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WHAT'S IN STORE FOR 2024?
Chief Investment Officer
Dec 12, 2023
With a myriad of factors impacting reliable predictions, the unfolding of macro events and global trends often tends to surprise analysts. This year was no exception, again highlighting that no one can forecast consistently and accurately. Despite this, however, we should and do endeavour to understand the macro environment. While we should ‘expect the unexpected’, and historical patterns may not necessarily be repeated in a particular order, they can provide us with a sense of context regarding whether the prices of a wide range of assets appear reasonable or not.
Before we consider how 2023 unfolded and how we should understand these events, let’s start by revisiting what we said at the start of the year:
So what actually happened? We can now unequivocally state that 2023 defied the predictions of most economists. In our view, the most important ‘unexpected’ trends of 2023 have been:
While the data pointed towards a looming recession, the world essentially shrugged this off, thanks to fixed-rate mortgages and corporate bonds that were immune to rate hikes. It appears that in developed markets, inflation is being reined in, which means we can look forward to a future of less restrictive interest rates. In the US, the consumer price index started the year above 6% and had fallen to 3.2% at the last reading. This, coupled with short-term interest rates above 5% in the US, means that fixed-interest investors are being offered the highest real yields since before the global financial crisis.
As it turned out, 2023 was a better year for investors in stocks than most strategists expected. Global equities gained an impressive 18% over the 11 months to the end of November, but the market was narrow, with most returns driven by just seven stocks.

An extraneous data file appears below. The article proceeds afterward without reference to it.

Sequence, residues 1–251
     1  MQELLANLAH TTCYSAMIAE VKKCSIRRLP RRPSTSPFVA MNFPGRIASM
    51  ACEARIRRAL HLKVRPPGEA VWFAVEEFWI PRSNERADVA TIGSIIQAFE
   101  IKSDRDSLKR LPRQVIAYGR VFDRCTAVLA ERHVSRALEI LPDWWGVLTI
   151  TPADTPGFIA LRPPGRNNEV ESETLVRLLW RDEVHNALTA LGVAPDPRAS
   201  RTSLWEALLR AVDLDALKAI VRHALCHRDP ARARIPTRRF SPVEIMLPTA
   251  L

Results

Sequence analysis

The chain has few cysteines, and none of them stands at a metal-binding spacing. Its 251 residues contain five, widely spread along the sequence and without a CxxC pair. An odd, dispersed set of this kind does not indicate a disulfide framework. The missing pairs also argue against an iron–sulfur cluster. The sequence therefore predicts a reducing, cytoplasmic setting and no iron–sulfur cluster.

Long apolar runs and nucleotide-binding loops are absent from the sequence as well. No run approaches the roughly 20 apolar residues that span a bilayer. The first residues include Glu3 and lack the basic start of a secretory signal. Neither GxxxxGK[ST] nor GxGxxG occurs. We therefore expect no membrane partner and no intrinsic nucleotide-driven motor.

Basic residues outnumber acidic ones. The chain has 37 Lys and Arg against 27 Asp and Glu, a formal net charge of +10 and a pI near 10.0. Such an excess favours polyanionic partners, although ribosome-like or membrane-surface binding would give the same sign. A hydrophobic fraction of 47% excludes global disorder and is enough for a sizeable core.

With a new year came a new set of darlings and the market showed its willingness to pay for growth. To the end of November, the so-called Magnificent 7 delivered just over 100%, while the rest of the S&P 500 gained only 6%. The focus was on AI and GLP-1 diabetes and weight-loss drugs.
With AI being essentially the preserve of the world’s largest tech companies, the South African market, which hadn’t suffered alongside its global peers in 2022, lagged in 2023, delivering only 7% in rand terms and -3% in US dollars.
Our concerns about global bonds were again well founded. This asset class spent much of the year in negative territory but improved later in the year to be up by only 1.5% for a negative real return. This was, however, still better than local bonds, which declined 2% in US dollar terms. Global listed property continued to feel the pain of the combination of higher rates and a changed post-Covid-19 world, up less than 1% in US dollar terms, behind both equities and bonds.
By late 2022, investors had clearly assigned a higher risk premium to Chinese equities as they fretted about China’s policy priorities and social agenda. And then, in mid-December, that country’s zero-Covid-19 policy was abruptly ended. Many commentators believed this would trigger a rapid rebound in China, but in the end it turned out to be a damp squib. The US experience of rapid normalisation in activity and ‘revenge’ spending wasn’t echoed in China.
Having been under far harsher lockdowns for much longer than the rest of the world, Chinese consumers appear to have been scarred by the experience and they emerged in a considerably more subdued and conservative frame of mind. China remains out of sync with the rest of the global economy in that it is currently in a stimulatory phase as it attempts to rebuild confidence.
Despite the continued war in Ukraine and the recent resumption of fighting in Israel and Gaza, geopolitics was a mild tailwind in 2023, driven by the thawing of relations between the US and China.